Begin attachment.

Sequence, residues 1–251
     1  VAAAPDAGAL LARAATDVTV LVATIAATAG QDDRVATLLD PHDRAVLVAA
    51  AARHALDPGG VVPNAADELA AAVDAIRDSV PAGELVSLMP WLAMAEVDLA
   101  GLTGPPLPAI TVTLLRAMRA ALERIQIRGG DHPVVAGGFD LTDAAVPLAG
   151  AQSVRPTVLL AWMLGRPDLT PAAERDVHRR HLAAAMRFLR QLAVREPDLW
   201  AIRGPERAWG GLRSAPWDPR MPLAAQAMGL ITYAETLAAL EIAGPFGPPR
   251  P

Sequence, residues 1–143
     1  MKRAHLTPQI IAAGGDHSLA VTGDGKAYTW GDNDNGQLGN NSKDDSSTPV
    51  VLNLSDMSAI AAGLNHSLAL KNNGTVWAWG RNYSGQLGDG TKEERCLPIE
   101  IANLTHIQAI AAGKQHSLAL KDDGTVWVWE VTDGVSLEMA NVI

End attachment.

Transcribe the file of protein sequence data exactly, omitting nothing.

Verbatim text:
Sequence, residues 1–251
     1  VAAAPDAGAL LARAATDVTV LVATIAATAG QDDRVATLLD PHDRAVLVAA
    51  AARHALDPGG VVPNAADELA AAVDAIRDSV PAGELVSLMP WLAMAEVDLA
   101  GLTGPPLPAI TVTLLRAMRA ALERIQIRGG DHPVVAGGFD LTDAAVPLAG
   151  AQSVRPTVLL AWMLGRPDLT PAAERDVHRR HLAAAMRFLR QLAVREPDLW
   201  AIRGPERAWG GLRSAPWDPR MPLAAQAMGL ITYAETLAAL EIAGPFGPPR
   251  P

Sequence, residues 1–143
     1  MKRAHLTPQI IAAGGDHSLA VTGDGKAYTW GDNDNGQLGN NSKDDSSTPV
    51  VLNLSDMSAI AAGLNHSLAL KNNGTVWAWG RNYSGQLGDG TKEERCLPIE
   101  IANLTHIQAI AAGKQHSLAL KDDGTVWVWE VTDGVSLEMA NVI